King makes river journey
Visit underlines importance of Waikato River to Maori, writes Elton Smallman.
King Tuheitia used the anniversary of his grandfather's coronation to throw the spotlight back on Maori water rights with a journey down Waikato River yesterday.
The fifth Maori king, King Koroki, was crowned on October 8, 1933, and this year's annual celebration was an opportunity for the Kingitanga to show its cultural and spiritual connection to the river.
King Tuheitia reconnected with the river by gifting it greenstone and pausing at Taupiri for prayers.
Iwi spokesman Tukoroirangi Morgan said the act was also aimed at making a statement in the wake of the controversy surrounding the rights and interests of Maori to fresh water and the Government's proposal to sell state-owned assets.
"The occasion was a symbol and expression to this nation the Kingitanga has never surrendered or ceded its sovereignty, its authority over this river," Mr Morgan said.
King Tuheitia boarded one of three waka taua with more than 100 paddlers in support who braved the early-morning chill in a three-hour trip covering about 15 kilometres from Ngaruawahia to Waahi Pa at Huntly.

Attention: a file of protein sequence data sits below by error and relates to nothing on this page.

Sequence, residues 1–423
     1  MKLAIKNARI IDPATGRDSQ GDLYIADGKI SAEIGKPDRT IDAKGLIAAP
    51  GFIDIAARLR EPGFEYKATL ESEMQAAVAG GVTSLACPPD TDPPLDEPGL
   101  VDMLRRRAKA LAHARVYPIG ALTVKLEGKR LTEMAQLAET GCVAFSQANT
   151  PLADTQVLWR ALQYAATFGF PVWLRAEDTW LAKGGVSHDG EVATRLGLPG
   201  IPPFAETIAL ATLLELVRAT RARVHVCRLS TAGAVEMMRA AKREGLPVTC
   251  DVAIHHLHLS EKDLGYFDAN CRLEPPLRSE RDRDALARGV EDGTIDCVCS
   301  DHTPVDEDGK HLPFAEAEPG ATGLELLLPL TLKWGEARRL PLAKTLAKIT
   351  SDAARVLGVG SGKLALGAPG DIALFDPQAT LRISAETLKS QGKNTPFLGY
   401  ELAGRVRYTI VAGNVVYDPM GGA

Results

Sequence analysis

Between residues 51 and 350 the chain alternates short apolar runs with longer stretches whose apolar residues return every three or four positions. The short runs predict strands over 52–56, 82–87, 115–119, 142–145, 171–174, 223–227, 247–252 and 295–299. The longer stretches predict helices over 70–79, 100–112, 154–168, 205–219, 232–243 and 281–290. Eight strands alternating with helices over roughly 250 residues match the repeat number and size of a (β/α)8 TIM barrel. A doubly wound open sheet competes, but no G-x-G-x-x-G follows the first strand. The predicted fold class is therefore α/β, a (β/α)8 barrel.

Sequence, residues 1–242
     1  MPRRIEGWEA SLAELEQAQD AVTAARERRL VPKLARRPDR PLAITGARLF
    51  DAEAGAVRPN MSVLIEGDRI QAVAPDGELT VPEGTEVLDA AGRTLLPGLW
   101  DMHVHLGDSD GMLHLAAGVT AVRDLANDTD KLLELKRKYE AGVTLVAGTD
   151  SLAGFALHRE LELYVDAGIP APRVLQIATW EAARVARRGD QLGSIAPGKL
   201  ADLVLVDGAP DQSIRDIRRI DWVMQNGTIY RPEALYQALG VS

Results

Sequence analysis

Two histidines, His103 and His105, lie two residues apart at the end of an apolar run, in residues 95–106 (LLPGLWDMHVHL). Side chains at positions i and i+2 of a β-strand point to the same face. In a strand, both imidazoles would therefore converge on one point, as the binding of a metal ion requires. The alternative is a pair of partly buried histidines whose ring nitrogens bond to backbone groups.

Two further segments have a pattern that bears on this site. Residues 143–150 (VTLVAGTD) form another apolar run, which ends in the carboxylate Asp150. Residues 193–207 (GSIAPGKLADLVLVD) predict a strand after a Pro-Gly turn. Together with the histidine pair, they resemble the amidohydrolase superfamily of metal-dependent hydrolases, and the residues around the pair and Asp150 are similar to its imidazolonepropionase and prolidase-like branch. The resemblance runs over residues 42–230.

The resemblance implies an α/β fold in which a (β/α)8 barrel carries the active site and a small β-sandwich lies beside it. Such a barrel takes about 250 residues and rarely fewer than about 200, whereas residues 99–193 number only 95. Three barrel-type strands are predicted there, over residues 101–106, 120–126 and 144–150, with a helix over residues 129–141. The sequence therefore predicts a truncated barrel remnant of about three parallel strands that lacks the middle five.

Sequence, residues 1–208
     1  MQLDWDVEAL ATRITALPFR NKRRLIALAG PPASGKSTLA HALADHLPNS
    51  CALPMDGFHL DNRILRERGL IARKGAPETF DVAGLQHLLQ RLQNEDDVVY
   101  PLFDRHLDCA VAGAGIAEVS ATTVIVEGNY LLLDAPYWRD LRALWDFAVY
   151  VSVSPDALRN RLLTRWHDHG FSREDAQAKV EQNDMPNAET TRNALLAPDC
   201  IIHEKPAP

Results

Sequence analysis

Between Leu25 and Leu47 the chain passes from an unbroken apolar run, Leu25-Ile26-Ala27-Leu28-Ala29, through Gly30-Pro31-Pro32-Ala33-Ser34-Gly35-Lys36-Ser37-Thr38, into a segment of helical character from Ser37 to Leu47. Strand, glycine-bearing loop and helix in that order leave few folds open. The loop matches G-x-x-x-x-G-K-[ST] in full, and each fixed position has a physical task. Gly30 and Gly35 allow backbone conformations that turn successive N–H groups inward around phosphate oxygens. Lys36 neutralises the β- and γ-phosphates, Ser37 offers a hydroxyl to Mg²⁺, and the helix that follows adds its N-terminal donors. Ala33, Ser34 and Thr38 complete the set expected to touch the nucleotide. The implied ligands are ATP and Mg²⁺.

Nopera Williams, 17, had hoped for warmer weather but was proud to have paddled with the king and said the experience was more special than usual.
"We were all pumping," he said. "It was a good experience because we were paddling for Tainui and he's our king."
The paddlers were joined by Hawaiian ocean voyager Kalei Velasco, 26, who only arrived in August. It was his first time on a waka taua and he said it was an honour to be on board.
"It was an honour to support the Maori whanau and support the cause."
It was rare for the waka to travel so far from their Ngaruawahia base and even rarer for the king to be on board, said Mr Morgan, and it highlighted the significance of the occasion.
"This is a stirring expression that the river still belongs to Kingitanga," he said. "The river and the Kingitanga are inextricably bound."
King Tuheitia hosted a national hui at Turangawaewae Marae last month and drew a line in the sand over ownership of fresh water in New Zealand and is keeping the issue in the forefront of the national debate.
"This is an ongoing conversation and an ongoing attempt to declare to this nation that actually water is important and rare efforts like this one . . . is an indication of how important this issue is across the nation."
He was joined at the commemoration by tribal leaders from around the Tainui region and by key players in the freshwater rights issue such as Sir Eddie Taihakurei Durie and Dame Iritana Tawhiwhirangi.
- © Fairfax NZ News
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